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33 CHAPTER FOUR SPECIFICATIONS (Table 33). The use of a method specification tends to con- tradict state preferences for allowing the contractor to design the recycled mix and field adjust the designs as needed. TABLE 32 The content and extent of what is defined in a specifica- WRITTEN RESPONSES FOR USE OF WARRANTIES tion depend on the type of specification used by an agency. Regardless of the type of specification, they generally con- Warranty: Does your agency specify a warranty period for the different in-situ recycling processes. If so, what is the length of the warranty and tain the following sections: what type of assurance is required? Written Responses from Agencies Written Responses from 1. Description: Define the type of process to be used. Contractors Warranty--3 yr for rutting, cracking, 2. Materials: List all materials, specifications, test delaminations, raveling, and smooth- 1-yr warranty (4) methods, and mix composition to be used (method ness (FL) 2-yr warranty bond for 100% (2) specification). For end result, performance, and war- Warranty--5 yr period; bond 3-yr warranty bond for 100% required (WI) ranty specifications, identify who is responsible for 3-yr warranty materials; bonding Warranty--none these decisions. company has issues with 3 years (AL, AK, AZ, AR, CA, CO, CT, 4-yr warranty bond for 50% of DC, DE, GA, IA, ID, KS, KY, MO, construction cost; Performance 3. Construction Requirements: Identify key require- MT, NC, ND, NE, NV, NY, PA, SC, measures: fatigue, edge crack- ments for weather, surface preparation, equipment, SD, TX, UT, VA, WA, WY) ing, rutting, potholes; nothing material properties (e.g., moisture content of RAP, Warranty--under consideration HMA related (VT) mix temperatures) for method specifications. For No experience (3) Warranty--under development (IL) end result, performance, and warranty specifica- tions, identify who is responsible for these decisions. Information on minimum expectations for materi- TABLE 33 als, workmanship, and performance criteria is also STATE RESPONSES FOR TYPE OF SPECIFICATION USED included in this section. FOR RECYCLING PROJECTS Question: Specifications: What type of specifications does your 4. Method of Measurement: Define the units for each agency use? product or material to be measured (e.g., liquid RA in Surface Treatments Agency Responses gallons, cement slurry in tons, square yard of surface) HIR CIR FDR and how performance criteria are measured. Method AR, AZ, CA, AZ, CA, CO, CA, CO, DE, FL, IA, ID, KY, DE, FL, IA, GA, IA, ID, 5. Basis of Payment: Define payment for accepted quan- MD, MO, MT, ID, MN, MO, MD, MN, tities and include description of what is included in NC, NE, WI MT, NC, ND, MO, MT, NC, NE, NH, NV, ND, NE, NH, the units. OR, RI, SD, NV, OR, SD, UT, VA, VT, TX, UT, VA, State agency respondents were asked to identify the type WI, WY VT, WY of specifications used for in-place recycling projects. Method End Results CO, KS, KY, CO, IA, KS, AK, CO, GA, specifications are most frequently used (Table 32), which MO, TX MO, NV, ONT IA, MO, NV, SC indicates that the states define what materials will be used and how they will be placed. End result specifications are Performance CA, CO, DC, CA, DC, TN CA, DC, TN TN, TX used by some states, and neither performance nor warranty specifications are commonly used by states. The responses Warranty FL FL, WI NY to the use of warranties for recycling projects show that Note: Some states indicated they may use more than one type of only two states use warranties of 3- and 5-year durations specification.

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34 Contractors are likely to have some experience with a cling projects, which suggests that end result or short-term range of specification types (Figure 29). The length of the performance specifications are more appropriate types of warranty period ranges from 1 to 4 years. Shorter warranties contracting approaches. (3 years or less) require the full cost of the recycling to be bonded but are reduced to 50% for longer warranty periods. Materials testing, mixture testing, and specification par- Distresses specifically related to the surface treatment (e.g., ticulars were not well defined from the survey responses. HMA overlay) are excluded from the warranty. Performance Therefore, a combination of agency survey information, a measurements include fatigue cracking, edge cracking, rut- search for existing state specification in the National High- ting, and pothole formation. A closer examination of these way Specification website (FHWA 2010), and a literature nonstate agency warranty programs could provide key infor- search was used to help define typical characteristics of in- mation regarding performance history, performance criteria place recycling specifications. limits, warranty successes, and warranty administration. Key word searches of the National Highway Specifica- tion website were conducted for this information (Table 35). The key word search was conducted for "all agencies" and "all categories," which include standard specifications and supplements as well as innovations and emerging specifi- cations. The majority of the titles for each hit were evalu- ated for descriptions of in-place recycling methods of HMA. Unfortunately, a number of the search hits were related to a range of other topics (e.g., fly ash, slag, glass, and shin- gles). Cold planning was usually associated with milling for removal and use in central plant applications. TABLE 35 SPECIFICATION SEARCH PARAMETERS Key Word(s) No. of Hits FIGURE 29 Experience of agencies and contractors with Reclamation 56 different types of in-place recycling specifications. Percentages Pulverized 134 are based on the number of agencies and contractors with experience using the specific recycling process. Cold planning 445 Reconditioning 51 The agency and contractor responses were used to rank Reclaimed 228 and summarize the current use of different types of specifi- Reclaimed base 165 cations for in-place recycling projects (Table 34). Full depth recycling 228 TABLE 34 Recycling, recycled 343 TYPES OF SPECIFICATIONS USED FOR IN-PLACE RECYCLING CIR 133 Type of Specification HIR CIR FDR HIR 3 Method Often Often** Frequently Hot-in-place Crashed End Result Sometimes* Sometimes Frequently Cold-in-place 8 Performance Sometimes* Sometimes* Often* Warranty Sometimes* Sometimes Often* The specifications referring to in-place recycling of HMA Rarely = lower than 10% average of agency and contractor with experience. had little consistency in titles or terms (Table 36). The lack of Sometimes = between 10% and 25% average of agency and contractor with consistent terminology made key word searching difficult and experience. a simple summary impossible. Examples of the range of spec- Often = between 25% and 50% average of agency and contractor with experience. ifications found in the search are provided in Appendix B. Frequently = greater than 50% average of agency and contractor with experience. *Contractor response was significantly higher than agency with experience. Wisconsin Specification Section 325 is an example of the **Agency response was significantly higher than contractor with experience. simplest version of an FDR specification. The only specifics provided in this specification are requirements for a maxi- Method specifications are commonly used by agencies mum of 97% of the 50-mm (2-in.) RAP, timing of general for in-place recycling projects. However, agencies also rou- recycling activities, types of compactors for different lift tinely require the contractor to select additives and provide thicknesses, and a description of what is included in the pay- mix designs and make field adjustments for in-place recy- ment measurement (square yard).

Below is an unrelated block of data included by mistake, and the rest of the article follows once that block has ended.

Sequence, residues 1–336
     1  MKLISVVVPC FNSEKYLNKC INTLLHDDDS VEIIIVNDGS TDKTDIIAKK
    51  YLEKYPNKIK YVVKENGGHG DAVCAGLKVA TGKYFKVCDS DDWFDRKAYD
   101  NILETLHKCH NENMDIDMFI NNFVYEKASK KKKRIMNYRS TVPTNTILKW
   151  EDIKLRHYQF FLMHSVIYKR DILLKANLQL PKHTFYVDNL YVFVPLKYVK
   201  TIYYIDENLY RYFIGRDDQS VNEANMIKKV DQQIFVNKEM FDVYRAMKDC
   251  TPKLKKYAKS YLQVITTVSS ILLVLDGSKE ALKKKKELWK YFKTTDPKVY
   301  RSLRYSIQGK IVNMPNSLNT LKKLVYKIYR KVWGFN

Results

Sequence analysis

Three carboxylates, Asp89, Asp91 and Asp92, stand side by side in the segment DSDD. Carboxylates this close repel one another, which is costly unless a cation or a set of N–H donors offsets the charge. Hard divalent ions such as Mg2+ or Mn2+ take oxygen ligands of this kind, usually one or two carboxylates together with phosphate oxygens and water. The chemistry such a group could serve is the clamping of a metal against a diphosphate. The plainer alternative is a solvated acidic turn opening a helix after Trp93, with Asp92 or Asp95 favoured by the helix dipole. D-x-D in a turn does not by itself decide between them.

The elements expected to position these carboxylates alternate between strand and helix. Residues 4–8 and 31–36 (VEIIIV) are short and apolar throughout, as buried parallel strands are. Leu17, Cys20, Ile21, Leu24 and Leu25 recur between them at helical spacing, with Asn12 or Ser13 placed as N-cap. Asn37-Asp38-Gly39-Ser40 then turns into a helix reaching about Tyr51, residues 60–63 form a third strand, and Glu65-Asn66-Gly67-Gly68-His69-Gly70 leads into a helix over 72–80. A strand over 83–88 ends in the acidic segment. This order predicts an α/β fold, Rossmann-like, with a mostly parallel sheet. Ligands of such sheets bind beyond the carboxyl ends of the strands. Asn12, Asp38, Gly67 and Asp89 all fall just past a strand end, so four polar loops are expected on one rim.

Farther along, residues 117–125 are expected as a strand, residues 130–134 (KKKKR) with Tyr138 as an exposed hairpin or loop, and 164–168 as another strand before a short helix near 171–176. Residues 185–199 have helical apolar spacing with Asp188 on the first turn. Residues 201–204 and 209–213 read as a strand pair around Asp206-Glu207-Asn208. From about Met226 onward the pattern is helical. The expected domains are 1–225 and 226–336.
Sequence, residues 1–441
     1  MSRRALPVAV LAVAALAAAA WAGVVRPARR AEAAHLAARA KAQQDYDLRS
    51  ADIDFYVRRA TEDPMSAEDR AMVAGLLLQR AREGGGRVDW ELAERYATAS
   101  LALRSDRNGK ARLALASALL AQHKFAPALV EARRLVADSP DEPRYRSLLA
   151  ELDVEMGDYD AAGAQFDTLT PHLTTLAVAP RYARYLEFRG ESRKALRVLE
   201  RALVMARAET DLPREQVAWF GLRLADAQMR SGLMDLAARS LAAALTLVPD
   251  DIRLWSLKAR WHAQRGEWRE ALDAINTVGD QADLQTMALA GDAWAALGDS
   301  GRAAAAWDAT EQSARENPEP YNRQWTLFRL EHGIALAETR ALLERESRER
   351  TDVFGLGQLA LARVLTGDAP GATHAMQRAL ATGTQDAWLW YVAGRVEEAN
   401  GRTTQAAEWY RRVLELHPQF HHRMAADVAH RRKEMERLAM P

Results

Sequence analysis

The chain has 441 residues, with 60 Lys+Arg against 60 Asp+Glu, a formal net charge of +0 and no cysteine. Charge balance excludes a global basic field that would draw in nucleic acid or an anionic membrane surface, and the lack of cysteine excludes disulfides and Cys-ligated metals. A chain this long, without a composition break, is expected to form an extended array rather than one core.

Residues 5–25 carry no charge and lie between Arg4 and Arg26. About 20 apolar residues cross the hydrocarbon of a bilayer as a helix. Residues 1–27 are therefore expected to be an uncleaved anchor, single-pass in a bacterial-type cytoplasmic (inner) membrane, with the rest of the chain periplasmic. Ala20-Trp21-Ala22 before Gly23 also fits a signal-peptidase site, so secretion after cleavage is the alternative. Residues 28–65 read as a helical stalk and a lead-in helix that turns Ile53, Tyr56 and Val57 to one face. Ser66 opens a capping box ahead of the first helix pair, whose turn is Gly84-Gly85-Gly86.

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35 TABLE 36 IN-PLACE RECYCLING SPECIFICATIONS FOUND IN NATIONAL HIGHWAY SPECIFICATION WEBSITE State Section Title Special California CIR and full depth reclamation Provisions Connecticut 4.03 Cold reclaimed asphalt pavement Illinois Article 663 Asphalt pavements--hot-in-place recycling 2318 Cold-in-place asphalt pavement recycling Iowa 2125 Reclaiming present surfacing material (in-place or central plant) 2318 Cold-in-place asphalt pavement recycling Georgia 403 Hot-in-place recycled asphaltic concrete Kansas 605 Surface recycled asphalt construction Maine 307 Full depth reclamation Massachusetts 403 Reclaimed base course Mississippi 305 In grade modification JSP-04-12A One inch continuous process hot-in-place recycling with alternate methods of surfacing Missouri JSP-04-12B Two inch continuous process hot-in-place recycling with alternate methods of surfacing Montana 302 Bituminous pavement pulverization New Hampshire 306 Reclaimed stabilized base New York 402.6 Hot-in-place recycling of hot mix asphalt Oklahoma 311 Processing existing base and surface Pennsylvania 341 Cold recycled bituminous base course, cold-in-place Texas Item 358 Asphalt concrete surface rehabilitation Utah 02962 In-place cold recycled asphaltic base 310 Reclaimed stabilized base Vermont 409 Cold mixed recycled bituminous pavement Wisconsin 325 Pulverized and re-laid pavement OPSS 333 Construction specification for cold-in-place recycling Ontario, Canada OPSS 331 Construction specification for full depth reclamation OPSS 335 Construction specification for cold-in-place recycling with expanded asphalt Kansas and Georgia specifications had errors on state specification sites. A more complex specification is Maine Specification moisture content or dust control, paver (pick up, screed), 307 for FDR. This specification includes information on the construction timing and sequencing, weather conditions for size of the pulverized materials, new aggregate (as needed paving (no foggy, rainy conditions), curing (calcium chloride to meet gradation), equipment (pulverizer, grader, rollers, curing compound, until 1% moisture), testing (gradation, den- pulverizing), weather limitations, and testing for density sity, optimum moisture), payment measurement (square yard, control (nuclear gauge). square meter, tons of new materials, gallons of liquid stabiliz- ers), and what is included in the area measurement payment. Other specifications may or may not include specific direc- tions for surface preparation (sweeper or cutter to protect adja- There is no consistent use of in-place recycling terms cent surfaces), pulverizer features (self-propelled, automatic or specification content. It would be useful if there were depth control), mixer (self-propelled, automatic depth control, uniform guidelines for specification development and stan- liquid distributor, rotary pugmill), water truck for optimum dardization of terms.